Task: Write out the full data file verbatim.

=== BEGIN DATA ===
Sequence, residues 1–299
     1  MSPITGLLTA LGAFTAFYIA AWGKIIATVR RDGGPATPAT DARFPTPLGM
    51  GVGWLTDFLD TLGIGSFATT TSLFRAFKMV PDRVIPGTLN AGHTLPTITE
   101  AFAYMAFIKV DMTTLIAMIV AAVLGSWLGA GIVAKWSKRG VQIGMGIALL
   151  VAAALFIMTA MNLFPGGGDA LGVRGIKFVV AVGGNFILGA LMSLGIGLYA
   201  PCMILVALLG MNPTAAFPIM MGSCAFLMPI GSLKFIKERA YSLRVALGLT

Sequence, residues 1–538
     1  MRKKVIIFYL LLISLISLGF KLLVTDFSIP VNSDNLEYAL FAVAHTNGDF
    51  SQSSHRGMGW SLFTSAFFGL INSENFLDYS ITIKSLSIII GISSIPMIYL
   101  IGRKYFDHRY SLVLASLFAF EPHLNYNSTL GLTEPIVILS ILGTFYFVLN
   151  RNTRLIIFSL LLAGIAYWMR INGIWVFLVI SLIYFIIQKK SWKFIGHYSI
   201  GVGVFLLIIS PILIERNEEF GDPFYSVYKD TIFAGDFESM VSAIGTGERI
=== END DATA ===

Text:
Sequence, residues 1–299
     1  MSPITGLLTA LGAFTAFYIA AWGKIIATVR RDGGPATPAT DARFPTPLGM
    51  GVGWLTDFLD TLGIGSFATT TSLFRAFKMV PDRVIPGTLN AGHTLPTITE
   101  AFAYMAFIKV DMTTLIAMIV AAVLGSWLGA GIVAKWSKRG VQIGMGIALL
   151  VAAALFIMTA MNLFPGGGDA LGVRGIKFVV AVGGNFILGA LMSLGIGLYA
   201  PCMILVALLG MNPTAAFPIM MGSCAFLMPI GSLKFIKERA YSLRVALGLT

Sequence, residues 1–538
     1  MRKKVIIFYL LLISLISLGF KLLVTDFSIP VNSDNLEYAL FAVAHTNGDF
    51  SQSSHRGMGW SLFTSAFFGL INSENFLDYS ITIKSLSIII GISSIPMIYL
   101  IGRKYFDHRY SLVLASLFAF EPHLNYNSTL GLTEPIVILS ILGTFYFVLN
   151  RNTRLIIFSL LLAGIAYWMR INGIWVFLVI SLIYFIIQKK SWKFIGHYSI
   201  GVGVFLLIIS PILIERNEEF GDPFYSVYKD TIFAGDFESM VSAIGTGERI